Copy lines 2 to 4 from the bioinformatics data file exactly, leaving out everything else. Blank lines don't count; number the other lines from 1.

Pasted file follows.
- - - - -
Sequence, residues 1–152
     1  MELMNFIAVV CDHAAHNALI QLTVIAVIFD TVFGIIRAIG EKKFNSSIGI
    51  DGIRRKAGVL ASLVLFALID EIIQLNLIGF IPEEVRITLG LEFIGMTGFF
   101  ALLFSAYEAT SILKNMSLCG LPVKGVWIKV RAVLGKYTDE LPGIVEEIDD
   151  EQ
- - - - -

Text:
     1  MELMNFIAVV CDHAAHNALI QLTVIAVIFD TVFGIIRAIG EKKFNSSIGI
    51  DGIRRKAGVL ASLVLFALID EIIQLNLIGF IPEEVRITLG LEFIGMTGFF
   101  ALLFSAYEAT SILKNMSLCG LPVKGVWIKV RAVLGKYTDE LPGIVEEIDD